Long-term damage:

  • Infringement of rights: States are right in perceiving the proposed amendments as a serious infringement of their rights to deploy IAS officers as they deem best, especially when the cutting edge of policy implementation is mostly at the State level.
  • Effects on IAS offices: The contemplated changes have grave implications for the independence, security and morale of IAS officers.
    • If States begin to doubt the loyalty of IAS officers, they are likely to reduce the number of IAS cadre posts and also their annual intake of IAS officers.
    • They may prefer officers of the State Civil Services to handle as many posts as possible.
    • In course of time, the IAS will lose its sheen, and the best and the brightest candidates will no longer opt for the IAS as a career.
  • Short-sighted decisions can do long-term damage to the polity.

Emphasis on cooperative federalism:

  • In the words of jurist Nani Palkhivala, “A national consensus should clearly remind the Centre that it has not inherited the Viceroy’s mantle of paramountcy…
    • The Centre would have no moral authority to govern unless it displays a sense of constitutional morality, particularly a sense of justice and fairness towards the States”.
  • In S.R. Bommai vs Union of India (1994), the Supreme Court held that “States have an independent constitutional existence and they have as important a role to play in the political, social, educational and cultural life of the people as the Union. States are neither satellites nor agents of the Centre”.

Way Forward:

  • We hope that the Centre will heed Sardar Patel’s sage advice and drop the proposed amendments.
  • In a federal setup, it is inevitable that differences and disputes would arise between the Centre and the States.
  • But all such quarrels should be resolved in the spirit of cooperative federalism and keeping the larger national interest in mind.

-Source: The Hindu

Yemen’s tragedy


Recent drone attacks on Abu Dhabi by the Houthis killed two Indians and a Pakistani.


GS Paper – 2: Effect of Policies & Politics of Countries on India’s Interests, India and its Neighbourhood

Dimensions of the Article:

  1. Background
  2. Role of UAE in Yemen
  3. What are the consequences of recent attacks?
  4. Way Forward


  • A military coalition led by Saudi Arabia intervened in Yemen in March 2015, to dislodge the Houthi rebels from Sana’a and reinstate the government of Abdrabbuh Mansur Hadi in the capital.
  • Almost seven years later, the Iran-backed Houthis, began counter-attacks with missiles and drones into Saudi Arabia, have expanded the war all the way to the Gulf coast of the UAE.

Role of UAE in Yemen:

  • Recent drone attack on Abu Dhabi by the Houthis, were a message to the UAE  on what they are capable of.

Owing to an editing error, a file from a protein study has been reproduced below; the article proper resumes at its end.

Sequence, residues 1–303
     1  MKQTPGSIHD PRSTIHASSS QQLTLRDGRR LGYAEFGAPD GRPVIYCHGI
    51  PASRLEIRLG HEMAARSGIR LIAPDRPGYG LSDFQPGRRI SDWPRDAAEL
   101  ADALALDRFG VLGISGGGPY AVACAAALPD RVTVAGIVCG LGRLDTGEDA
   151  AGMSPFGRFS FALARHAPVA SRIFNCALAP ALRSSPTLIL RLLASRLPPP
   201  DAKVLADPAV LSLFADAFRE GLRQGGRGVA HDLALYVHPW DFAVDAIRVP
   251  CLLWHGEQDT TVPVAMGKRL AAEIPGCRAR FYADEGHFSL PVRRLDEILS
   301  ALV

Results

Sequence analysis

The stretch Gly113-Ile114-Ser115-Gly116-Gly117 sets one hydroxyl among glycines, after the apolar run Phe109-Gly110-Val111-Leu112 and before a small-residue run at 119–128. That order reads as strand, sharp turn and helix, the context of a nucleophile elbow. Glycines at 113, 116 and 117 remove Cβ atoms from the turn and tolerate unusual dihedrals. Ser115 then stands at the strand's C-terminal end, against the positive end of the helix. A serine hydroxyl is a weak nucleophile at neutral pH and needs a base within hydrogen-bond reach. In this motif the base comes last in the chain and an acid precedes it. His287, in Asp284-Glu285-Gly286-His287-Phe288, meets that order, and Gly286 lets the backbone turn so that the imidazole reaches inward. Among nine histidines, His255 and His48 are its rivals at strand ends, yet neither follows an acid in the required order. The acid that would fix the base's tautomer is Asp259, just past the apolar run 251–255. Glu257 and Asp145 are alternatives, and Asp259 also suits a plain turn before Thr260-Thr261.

• It may not be a coincidence that the attacks were carried out at a time when the UAE-backed forces have been making slow gains in Yemen’s conflict against the Houthis.
  • UAE quit the Saudi-led coalition in 2020 as the war had hit a stalemate.
  • Since then, the Emiratis have provided tactical support to the Southern Transitional Council, a separatist body in southern Yemen that drove the Saudi-backed forces loyal to President Hadi out of Aden.
  • The dynamics changed again when the Houthis began pushing into territories outside their stronghold, especially Marib; if they take Marib, they would be a step ahead to push into the south.
  • Faced with the prospects of further Houthi territorial gains, UAE-backed forces such as Giants Brigades (a militia from the south) have joined hands with the government. Then came the Abu Dhabi attacks.

What are the consequences of the recent attack?

  • These could escalate the conflict.
  • The immediate response from the Saudi-led coalition has been to carry out a massive air strike on the partly destroyed Sana’a. The UAE has also vowed retaliation.
  • It could trigger the opposite reaction against Houthi from Abu Dhabi, which now has powerful proxies in the south.
  • Three-way crisis in Yemen:
    • The violence could be a tragic for millions of people in Yemen. UNICEF has called Yemen “a living hell”.
    • Yemen, one of the poorest countries in the Arab world, is facing a three-way crisis —
      • thousands have been killed in the conflict,
      • many abandoned or suffering by the collapse of the government and social services; and
      • mass hunger.

Way forward:

  • The first step to address this tragedy is to end the fighting.
  • Unfortunately, the parties in the conflict and their regional backers are keen on escalating the conflict further rather than finding a solution.
  • From the lessons learnt from the past- there can be no military solution to Yemen’s problems.
  • There is a need for talks between the rebels, separatists and the government, but also between their backers — Iran, the UAE and Saudi Arabia to bring down tensions.
  • If these regional powers agree to rein in their proxies and work towards rebuilding Yemen, that would also help them restore stability and security in the Arabian peninsula.

-Source: The Hindu

February 2024